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James Perkins for Tina

Posted on • Originally published at tina.io

Tina Data Layer: Performant Editing

Tina has worked on the premise of direct interaction with Tina's GraphQL API and GitHub’s API. While this is a perfectly acceptable option, it does reduce performance slightly due to the nature of sending and retrieving data as “new” each time. 

The Tina team recently introduced a new optional data layer that sits between Tina and GitHub. In the future, this will be our default offering once it is out of the experimental stage. Our data layer buffers the requests between Tina and GitHub, increasing performance while editing your content. This blog post is going to explain how it works, what it does and what we have planned for the future!

How to enable the Data Layer on your project

We made enabling and using the Data Layer with minimal development required. In fact you can enable the data layer by passing --experimentalData as a command line flag. The easiest way to make sure this happens is by editing your package.json script. 

"scripts": {
    "dev": "yarn tinacms server:start -c \"next dev\"",
    "build": "yarn tinacms server:start -c \"next build\"",
    "start": "yarn tinacms server:start -c \"next start\" --experimentalData",
  },
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Once the flag is added and the CLI has been run, Tina will update the generated schema letting Tina know you want to use the Data Layer.

Once you have generated the Schema, you will need to commit the changes to GitHub for it to start working on the project.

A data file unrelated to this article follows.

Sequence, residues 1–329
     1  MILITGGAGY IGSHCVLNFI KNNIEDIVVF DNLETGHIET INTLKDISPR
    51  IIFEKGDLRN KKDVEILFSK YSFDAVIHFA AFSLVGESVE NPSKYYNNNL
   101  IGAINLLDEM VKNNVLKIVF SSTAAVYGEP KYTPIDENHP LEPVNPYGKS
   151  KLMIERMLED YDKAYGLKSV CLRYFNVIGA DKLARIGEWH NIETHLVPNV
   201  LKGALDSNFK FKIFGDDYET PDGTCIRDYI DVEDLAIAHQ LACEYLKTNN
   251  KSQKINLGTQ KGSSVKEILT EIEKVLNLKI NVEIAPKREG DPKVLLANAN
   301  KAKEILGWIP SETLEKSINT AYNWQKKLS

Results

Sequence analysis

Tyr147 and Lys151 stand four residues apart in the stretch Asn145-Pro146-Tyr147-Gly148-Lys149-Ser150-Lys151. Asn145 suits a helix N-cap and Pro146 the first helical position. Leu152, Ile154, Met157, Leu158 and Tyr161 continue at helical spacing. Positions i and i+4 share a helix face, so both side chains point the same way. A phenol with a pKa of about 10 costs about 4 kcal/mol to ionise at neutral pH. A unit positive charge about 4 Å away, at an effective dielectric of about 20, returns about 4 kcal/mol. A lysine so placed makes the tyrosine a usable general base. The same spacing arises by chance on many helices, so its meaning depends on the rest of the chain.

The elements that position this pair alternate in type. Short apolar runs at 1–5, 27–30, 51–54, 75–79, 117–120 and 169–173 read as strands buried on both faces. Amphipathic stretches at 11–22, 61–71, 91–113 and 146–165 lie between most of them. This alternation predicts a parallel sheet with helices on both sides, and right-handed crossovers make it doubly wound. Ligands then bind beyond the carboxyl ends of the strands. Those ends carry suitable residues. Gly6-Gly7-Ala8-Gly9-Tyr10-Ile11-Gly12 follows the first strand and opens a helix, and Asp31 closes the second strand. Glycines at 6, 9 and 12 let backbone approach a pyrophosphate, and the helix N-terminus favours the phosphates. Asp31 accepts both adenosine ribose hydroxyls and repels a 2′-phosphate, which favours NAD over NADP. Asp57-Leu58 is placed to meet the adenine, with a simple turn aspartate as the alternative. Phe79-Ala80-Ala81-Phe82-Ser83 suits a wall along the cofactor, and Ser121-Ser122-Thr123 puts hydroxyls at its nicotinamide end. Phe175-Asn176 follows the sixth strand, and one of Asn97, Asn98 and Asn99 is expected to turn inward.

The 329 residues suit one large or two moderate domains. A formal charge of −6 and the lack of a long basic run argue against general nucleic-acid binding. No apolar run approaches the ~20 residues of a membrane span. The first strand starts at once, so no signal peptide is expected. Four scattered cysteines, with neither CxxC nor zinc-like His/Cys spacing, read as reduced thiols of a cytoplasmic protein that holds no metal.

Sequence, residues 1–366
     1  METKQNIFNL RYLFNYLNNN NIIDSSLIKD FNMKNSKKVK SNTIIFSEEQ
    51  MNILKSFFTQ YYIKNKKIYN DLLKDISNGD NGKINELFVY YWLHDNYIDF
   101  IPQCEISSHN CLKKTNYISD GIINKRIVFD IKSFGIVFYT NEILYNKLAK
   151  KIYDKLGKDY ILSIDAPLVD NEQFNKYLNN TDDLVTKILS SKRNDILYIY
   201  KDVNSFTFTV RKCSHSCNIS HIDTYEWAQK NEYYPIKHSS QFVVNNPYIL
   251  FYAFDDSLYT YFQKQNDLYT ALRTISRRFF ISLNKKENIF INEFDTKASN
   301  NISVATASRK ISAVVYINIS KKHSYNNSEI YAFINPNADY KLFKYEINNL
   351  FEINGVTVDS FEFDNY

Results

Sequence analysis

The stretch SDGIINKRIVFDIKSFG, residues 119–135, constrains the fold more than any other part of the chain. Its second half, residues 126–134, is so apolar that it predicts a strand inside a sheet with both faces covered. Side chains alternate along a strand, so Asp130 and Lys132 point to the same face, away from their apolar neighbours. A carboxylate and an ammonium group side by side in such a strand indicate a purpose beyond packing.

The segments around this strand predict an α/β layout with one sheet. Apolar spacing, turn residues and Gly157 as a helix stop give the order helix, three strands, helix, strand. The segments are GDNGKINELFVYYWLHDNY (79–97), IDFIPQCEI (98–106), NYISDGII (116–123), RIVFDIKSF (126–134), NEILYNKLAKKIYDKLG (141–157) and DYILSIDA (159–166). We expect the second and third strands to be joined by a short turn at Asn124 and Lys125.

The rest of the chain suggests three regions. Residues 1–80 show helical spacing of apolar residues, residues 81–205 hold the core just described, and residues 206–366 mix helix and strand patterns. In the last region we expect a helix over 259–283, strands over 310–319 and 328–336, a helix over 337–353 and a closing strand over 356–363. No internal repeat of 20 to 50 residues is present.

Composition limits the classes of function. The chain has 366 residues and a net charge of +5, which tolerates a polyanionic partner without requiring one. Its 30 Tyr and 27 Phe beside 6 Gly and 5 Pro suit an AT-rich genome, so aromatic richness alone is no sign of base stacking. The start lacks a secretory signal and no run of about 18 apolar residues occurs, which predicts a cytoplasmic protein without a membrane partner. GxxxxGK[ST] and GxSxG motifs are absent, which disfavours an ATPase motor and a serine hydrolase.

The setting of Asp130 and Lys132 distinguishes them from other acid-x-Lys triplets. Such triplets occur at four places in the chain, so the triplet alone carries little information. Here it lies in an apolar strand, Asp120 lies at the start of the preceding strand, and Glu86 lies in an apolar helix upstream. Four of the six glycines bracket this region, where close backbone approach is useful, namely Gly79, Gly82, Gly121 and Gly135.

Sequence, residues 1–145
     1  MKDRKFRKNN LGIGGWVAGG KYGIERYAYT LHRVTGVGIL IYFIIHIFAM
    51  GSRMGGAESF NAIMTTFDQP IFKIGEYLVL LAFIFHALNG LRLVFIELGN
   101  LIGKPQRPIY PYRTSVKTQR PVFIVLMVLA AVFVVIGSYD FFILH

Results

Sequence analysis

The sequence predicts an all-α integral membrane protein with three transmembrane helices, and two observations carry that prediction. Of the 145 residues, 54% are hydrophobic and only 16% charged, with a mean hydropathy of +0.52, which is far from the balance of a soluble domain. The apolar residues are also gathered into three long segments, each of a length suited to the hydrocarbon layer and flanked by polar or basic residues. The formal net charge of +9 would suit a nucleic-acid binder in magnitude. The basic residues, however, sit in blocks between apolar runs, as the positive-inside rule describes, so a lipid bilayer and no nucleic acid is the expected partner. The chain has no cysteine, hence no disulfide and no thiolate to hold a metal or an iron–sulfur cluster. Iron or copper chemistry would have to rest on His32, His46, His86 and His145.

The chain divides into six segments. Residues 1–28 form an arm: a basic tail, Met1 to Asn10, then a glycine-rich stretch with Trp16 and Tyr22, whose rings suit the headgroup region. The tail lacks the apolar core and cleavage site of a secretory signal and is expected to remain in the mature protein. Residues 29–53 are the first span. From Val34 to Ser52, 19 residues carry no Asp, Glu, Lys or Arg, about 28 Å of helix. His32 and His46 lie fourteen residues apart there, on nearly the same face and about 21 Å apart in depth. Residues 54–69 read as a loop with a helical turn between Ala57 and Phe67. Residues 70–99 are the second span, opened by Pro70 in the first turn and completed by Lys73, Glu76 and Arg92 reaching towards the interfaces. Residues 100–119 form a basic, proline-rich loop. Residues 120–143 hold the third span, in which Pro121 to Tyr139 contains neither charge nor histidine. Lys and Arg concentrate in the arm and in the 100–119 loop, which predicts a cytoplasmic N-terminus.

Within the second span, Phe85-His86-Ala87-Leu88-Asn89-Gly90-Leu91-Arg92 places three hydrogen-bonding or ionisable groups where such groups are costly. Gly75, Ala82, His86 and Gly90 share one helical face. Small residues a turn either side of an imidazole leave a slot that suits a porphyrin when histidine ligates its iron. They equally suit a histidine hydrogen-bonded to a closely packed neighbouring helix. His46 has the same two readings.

What does the Data Layer do to increase Performance?

Once the Data Layer is enabled on your project, we will automatically synchronize a copy of your repository with our secure cloud database. After Tina has run the initial indexing of your repository, Tina will automatically index new or updated content. This is done behind the scenes and you won’t notice that we are doing this, except the increase in performance when editing.

When we might do a full re-index

In some cases we might have to fully re-index your project. This usually happens when the schema of your project has changed. For example:

  • Changes to .tina\schema.ts

  • Changes to the path to .tina

Some things to note

This is still an experimental feature and the following things should be considered before enabling it on your project: 

1. The indexing process isn’t exposed to the end user, which means it is possible that queries made during the indexing process could return incomplete results.

2. GitHub has a API request limitation of 5000 requests per repository per hour. If you have an extremely large project you could hit this rate limit. If you have a repository with more than 1500 items, please do not activate this feature.

The future

The team at Tina has plans for the following highly requested features as the Data Layer matures out of its experimental phase. In fact we have already begun working on some of the features mentioned below, so stay tuned! 

More complex and advanced queries

The Data Layer opens up our GraphQL layer to be even more powerful, in the future Tina plans to offer: 

This means you will be able to reduce some of your calls if you don’t need a full data set. A good example of this would be where you only need 3 blog posts for a features section. In the current Tina integration, you need to retrieve all of the posts and filter them down after the fact. In the future you won’t need to do this. 

Referential Integrity

With the introduction of the Data Layer it allows us to now be able to offer referential integrity. This will stop a content writer from accidentally making changes to content that could break other content or an entire site. The biggest benefit to a content user will be the ability to rename files or even delete content without breaking any existing references.

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